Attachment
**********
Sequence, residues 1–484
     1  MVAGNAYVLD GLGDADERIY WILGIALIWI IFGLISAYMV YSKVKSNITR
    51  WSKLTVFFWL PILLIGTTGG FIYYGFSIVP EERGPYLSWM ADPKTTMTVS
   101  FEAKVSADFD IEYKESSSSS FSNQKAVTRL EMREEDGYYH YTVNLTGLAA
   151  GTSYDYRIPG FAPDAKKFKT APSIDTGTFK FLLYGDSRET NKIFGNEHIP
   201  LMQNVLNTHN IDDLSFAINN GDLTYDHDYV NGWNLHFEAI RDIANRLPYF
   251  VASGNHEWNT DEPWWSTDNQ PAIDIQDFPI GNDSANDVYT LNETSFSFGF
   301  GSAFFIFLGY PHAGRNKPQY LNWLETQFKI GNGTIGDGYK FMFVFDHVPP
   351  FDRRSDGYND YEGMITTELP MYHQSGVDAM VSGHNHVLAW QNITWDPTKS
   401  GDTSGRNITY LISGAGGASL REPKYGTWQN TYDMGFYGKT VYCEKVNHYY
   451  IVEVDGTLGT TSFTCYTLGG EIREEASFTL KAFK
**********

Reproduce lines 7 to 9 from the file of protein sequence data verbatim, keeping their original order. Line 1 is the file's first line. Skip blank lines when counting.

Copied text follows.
   251  VASGNHEWNT DEPWWSTDNQ PAIDIQDFPI GNDSANDVYT LNETSFSFGF
   301  GSAFFIFLGY PHAGRNKPQY LNWLETQFKI GNGTIGDGYK FMFVFDHVPP
   351  FDRRSDGYND YEGMITTELP MYHQSGVDAM VSGHNHVLAW QNITWDPTKS